Since W.G. Sebald’s sudden death in 2001, the cult of the Britain-based German writer has spread fast. Known for his exquisite prose works that, in their combination of the real with the fictional, push at the limits of what novels can be, he is considered one of the foremost German writers of his generation. He was also a poet.
Across the Land and the Water brings together a selection of the poems he never published in book form, if at all. Translated by Iain Galbraith, the volume sketches out a life on the move. Stretching over 37 years, the volume includes poems that Mr Galbraith found jotted down in Sebald’s archives on scraps of paper, others written on menus, theatre programmes or headed paper from hotels. They emerge on trains or at the “unmanned/station in Wolfenbüttel”, Sebald covertly observing fellow commuters as he evokes the differing landscapes shuttling past.
Unlike his epic, vertiginous prose, these poems are often condensed and sparse. And yet they contain many of the themes that would obsess Sebald throughout his writing life. The poet spent his later years in Britain, working at the Universities of Manchester and East Anglia. Preoccupied with memory, desire and the ghostliness of objects, Sebald can evoke in one poem the faded glamour of “a forgotten era/of fountains and chandeliers” or a “turn-of-the-century/frock-coat and taffeta bow” while in another he will speak of an “ugly/tower block” or “moribund supermarkets”. This shift between differing eras could seem forced or artificial. And yet Sebald manages such movement with a lightness of touch. Indeed, the driving force behind his work is a search for the past, for the forgotten or overlooked: “I wish to inquire/Into the whereabouts of the dead.”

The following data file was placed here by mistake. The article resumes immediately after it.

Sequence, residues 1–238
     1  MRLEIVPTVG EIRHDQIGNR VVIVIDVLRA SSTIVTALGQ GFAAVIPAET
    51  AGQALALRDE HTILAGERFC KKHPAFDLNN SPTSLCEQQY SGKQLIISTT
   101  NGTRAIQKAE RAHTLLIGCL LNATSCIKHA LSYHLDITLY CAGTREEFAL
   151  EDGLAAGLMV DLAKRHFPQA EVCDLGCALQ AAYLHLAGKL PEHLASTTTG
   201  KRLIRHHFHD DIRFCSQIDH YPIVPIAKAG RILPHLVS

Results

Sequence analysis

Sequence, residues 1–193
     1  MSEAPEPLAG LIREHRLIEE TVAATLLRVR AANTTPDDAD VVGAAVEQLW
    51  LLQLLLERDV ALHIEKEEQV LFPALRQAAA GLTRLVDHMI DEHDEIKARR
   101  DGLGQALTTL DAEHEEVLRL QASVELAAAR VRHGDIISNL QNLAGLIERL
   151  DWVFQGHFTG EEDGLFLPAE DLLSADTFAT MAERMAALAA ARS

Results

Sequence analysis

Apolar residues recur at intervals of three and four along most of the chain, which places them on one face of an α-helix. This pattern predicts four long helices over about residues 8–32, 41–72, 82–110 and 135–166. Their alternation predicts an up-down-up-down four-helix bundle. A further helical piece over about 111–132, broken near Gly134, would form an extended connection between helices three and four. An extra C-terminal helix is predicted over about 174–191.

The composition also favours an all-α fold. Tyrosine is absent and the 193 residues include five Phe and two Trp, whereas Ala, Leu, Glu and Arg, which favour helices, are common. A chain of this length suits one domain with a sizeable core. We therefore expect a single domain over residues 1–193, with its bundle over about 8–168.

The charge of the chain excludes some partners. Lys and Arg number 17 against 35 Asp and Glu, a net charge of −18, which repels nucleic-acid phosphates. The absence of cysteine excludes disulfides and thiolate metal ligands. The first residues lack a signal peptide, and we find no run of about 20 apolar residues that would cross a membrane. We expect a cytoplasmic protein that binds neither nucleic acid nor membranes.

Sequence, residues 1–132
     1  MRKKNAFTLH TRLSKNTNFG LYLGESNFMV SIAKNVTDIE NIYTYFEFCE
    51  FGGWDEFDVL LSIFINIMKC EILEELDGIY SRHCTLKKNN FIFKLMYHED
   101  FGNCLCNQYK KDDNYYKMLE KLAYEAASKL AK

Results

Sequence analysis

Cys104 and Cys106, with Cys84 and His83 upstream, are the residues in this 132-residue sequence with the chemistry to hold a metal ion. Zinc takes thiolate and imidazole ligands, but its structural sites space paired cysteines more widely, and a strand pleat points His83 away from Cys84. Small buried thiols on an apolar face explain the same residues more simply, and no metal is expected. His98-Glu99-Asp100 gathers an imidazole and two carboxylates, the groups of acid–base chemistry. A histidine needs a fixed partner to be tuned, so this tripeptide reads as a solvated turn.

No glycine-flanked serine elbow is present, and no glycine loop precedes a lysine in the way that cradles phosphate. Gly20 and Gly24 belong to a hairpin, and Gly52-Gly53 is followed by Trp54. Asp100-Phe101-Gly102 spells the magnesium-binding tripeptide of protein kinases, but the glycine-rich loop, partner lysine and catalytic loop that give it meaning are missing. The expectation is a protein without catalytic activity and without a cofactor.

Across the Land and the Water: Selected Poems 1964-2001 by W.G. Sebald reviewed in The Economist.